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When justice collides with peace

09 May 2014

WHAT is more important: justice or peace? Answer in 30 seconds, please, as one radio presenter required in one of those preposterous debates that the Today programme on Radio 4 is always starting, and then realising that it does not have the time to do properly, if it is to fit in the next item on birdsong.

The issue is taken more seriously in Northern Ireland, where the Sinn Féin president, Gerry Adams, was recently released by the police, after being questioned for four days about one of the most horrendous murders in the decades-long civil war euphemistically known as the Troubles.

In 1972, Jean McConville, a 37-year-old widow and mother of ten children, was dragged from her home by 12 IRA men, in front of her children, and executed as an informer. Afterwards, her 11-year-old son was tied up, hooded, beaten with sticks, and told that he would be killed if he ever revealed the names of those who had taken his mother, whose body was only found 31 years later.

What has reopened this wound has been an oral history project at Boston College, in the United States, which has interviewed former paramilitaries. It promised not to publish the material until after the terrorists' death. But a book containing the accounts of two who have since died led the Northern Ireland police to take court action in the US to order the handover of all the material.

Many make a category mistake here. The raw material of history is not the same thing as information that would constitute evidence in a court of law. Its candid confessional material inevitably includes hearsay, colour, mood, and deeper communal psychologies, which are not admissible evidence. Four decades on, reportsare subject to the fallibility and embroidery of memory. They are vehicles for self-justification and score-settling. And dead witnesses cannot be cross-examined. Even so, one former IRA man, Ivor Bell, aged 77, has been charged with aiding and abetting murder as a result. And Mr Adams was arrested and questioned, although not charged.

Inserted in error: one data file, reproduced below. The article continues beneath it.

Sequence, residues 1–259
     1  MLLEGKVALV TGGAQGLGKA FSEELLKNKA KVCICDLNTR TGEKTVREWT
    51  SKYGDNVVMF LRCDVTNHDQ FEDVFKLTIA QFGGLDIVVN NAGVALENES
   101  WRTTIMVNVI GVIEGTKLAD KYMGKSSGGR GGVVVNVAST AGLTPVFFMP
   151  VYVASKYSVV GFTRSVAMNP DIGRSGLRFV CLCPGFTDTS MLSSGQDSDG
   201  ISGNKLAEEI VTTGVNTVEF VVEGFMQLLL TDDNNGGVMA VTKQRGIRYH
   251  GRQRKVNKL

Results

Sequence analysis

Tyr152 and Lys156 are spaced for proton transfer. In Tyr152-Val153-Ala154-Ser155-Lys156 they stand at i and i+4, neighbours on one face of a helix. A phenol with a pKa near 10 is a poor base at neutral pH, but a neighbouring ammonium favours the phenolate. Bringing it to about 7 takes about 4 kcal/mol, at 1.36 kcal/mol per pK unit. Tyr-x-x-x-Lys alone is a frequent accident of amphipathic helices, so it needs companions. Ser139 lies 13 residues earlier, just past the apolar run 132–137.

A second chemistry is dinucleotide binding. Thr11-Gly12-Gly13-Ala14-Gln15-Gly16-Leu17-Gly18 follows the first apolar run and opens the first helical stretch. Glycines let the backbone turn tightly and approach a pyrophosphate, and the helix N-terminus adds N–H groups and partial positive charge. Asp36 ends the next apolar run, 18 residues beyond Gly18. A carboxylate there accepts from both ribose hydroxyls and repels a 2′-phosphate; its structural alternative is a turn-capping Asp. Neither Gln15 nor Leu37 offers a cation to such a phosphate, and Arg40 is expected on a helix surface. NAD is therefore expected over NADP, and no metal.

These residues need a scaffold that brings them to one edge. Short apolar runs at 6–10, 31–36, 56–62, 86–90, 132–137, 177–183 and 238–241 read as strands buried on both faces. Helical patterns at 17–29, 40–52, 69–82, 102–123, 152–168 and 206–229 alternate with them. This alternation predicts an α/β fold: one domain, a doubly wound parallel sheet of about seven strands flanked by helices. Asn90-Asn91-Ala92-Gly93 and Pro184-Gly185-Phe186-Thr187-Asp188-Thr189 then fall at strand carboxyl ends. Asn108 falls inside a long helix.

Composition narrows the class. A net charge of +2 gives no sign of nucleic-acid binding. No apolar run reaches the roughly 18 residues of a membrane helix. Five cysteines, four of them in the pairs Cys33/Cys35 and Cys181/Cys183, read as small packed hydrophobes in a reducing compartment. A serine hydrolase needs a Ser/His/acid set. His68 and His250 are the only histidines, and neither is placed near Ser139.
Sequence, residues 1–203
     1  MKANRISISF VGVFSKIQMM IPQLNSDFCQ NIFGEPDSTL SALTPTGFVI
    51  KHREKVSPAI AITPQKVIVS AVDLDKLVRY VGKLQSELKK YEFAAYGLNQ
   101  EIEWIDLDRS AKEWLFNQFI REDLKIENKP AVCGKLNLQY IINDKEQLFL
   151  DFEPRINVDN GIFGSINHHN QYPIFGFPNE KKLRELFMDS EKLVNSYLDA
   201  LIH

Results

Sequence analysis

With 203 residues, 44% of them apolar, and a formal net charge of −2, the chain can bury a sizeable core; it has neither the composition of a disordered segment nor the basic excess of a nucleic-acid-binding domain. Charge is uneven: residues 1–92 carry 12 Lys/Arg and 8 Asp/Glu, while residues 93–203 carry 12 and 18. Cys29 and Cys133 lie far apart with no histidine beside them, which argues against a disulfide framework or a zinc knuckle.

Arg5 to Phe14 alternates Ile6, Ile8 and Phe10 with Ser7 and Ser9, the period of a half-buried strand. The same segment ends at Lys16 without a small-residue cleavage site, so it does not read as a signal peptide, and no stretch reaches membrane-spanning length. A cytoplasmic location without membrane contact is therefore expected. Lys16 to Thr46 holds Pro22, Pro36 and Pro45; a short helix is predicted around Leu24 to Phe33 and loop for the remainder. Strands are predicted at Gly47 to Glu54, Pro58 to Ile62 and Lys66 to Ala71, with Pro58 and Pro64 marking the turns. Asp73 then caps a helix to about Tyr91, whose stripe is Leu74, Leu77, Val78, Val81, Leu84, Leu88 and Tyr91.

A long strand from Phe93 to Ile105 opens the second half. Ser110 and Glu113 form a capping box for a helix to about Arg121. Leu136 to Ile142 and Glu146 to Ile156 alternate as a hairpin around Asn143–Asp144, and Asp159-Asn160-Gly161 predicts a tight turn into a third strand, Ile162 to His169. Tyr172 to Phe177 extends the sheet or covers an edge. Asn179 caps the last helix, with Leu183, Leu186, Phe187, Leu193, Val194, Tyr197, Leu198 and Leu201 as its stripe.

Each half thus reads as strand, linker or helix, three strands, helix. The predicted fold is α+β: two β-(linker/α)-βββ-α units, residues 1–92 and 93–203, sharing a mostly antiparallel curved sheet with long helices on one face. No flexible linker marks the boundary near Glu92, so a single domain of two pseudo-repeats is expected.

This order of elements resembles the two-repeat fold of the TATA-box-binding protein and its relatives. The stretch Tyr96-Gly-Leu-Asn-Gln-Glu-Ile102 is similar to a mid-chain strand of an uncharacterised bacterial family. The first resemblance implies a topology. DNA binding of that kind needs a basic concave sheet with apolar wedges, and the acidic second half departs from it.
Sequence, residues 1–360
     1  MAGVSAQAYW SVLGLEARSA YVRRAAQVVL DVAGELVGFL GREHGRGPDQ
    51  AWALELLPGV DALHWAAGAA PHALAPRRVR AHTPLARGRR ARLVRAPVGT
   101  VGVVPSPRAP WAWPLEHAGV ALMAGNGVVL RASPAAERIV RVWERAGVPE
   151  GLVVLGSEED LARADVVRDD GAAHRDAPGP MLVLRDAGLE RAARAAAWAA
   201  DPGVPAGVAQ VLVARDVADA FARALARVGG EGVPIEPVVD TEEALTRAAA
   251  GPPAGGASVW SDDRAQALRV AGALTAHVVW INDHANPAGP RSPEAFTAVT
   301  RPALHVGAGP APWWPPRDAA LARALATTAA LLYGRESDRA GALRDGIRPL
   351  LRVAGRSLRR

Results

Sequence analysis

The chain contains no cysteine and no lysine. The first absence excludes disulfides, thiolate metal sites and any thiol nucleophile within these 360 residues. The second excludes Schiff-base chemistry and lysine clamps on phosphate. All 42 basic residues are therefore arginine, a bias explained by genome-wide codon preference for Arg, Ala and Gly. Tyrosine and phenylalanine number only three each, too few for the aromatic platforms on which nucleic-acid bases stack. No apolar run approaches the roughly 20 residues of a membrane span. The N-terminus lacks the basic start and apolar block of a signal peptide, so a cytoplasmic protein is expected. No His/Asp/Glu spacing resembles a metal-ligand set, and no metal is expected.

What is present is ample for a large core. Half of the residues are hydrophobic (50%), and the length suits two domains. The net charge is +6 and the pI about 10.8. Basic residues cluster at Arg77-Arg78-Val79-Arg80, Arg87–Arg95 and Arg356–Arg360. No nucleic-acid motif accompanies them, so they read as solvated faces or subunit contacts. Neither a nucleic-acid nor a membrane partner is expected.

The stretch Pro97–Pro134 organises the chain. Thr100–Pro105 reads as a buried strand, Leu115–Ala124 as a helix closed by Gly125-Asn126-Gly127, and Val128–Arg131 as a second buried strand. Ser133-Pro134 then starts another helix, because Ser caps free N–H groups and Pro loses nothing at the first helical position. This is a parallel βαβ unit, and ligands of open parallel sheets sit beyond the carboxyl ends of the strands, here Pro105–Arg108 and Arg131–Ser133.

There is nothing new in the tension between justice and peace. The Irish playwright Frank McGuinness reminded us of that in a more substantial radio discussion on Start the Week, prompted by his reworking of the Oedipus plays by Sophocles for a new opera, Thebans. He has shifted to the centre of the story the dilemma posed by Antigone in her clash with the ruler, Creon, over the burial of her brother. It embodies the same conflict between an individual who needs justice, and a community which requires a settlement for peace.

What is interesting is that, for Sophocles, Creon represented a necessary modernity, and Antigone the vestige of some primitive individualism. Our own age seems to have inverted those values. Today, the loudest cries - and most heart-rending in the case of the ten orphaned McConville children - are for justice for the victims. And yet the political reality is that, as a society, we have already made a judgement in which, to use the words of Thabo Mbeki, in post-apartheid South Africa, justice for individuals "cannot be allowed to trump peace" for the collective.

This throws up all manner of ideological tensions; for the common good is not the same as the good of the majority: it requires the protection of minorities. But it does assert the need for balance, especially in a community which is still an uneasy coalition in tension, and where empathies remain partial. "Let justice be done, though the heavens fall," is a deontological delusion. Facing up to this is part of the painful political compromise that was not called the Good Friday Agreement for nothing.

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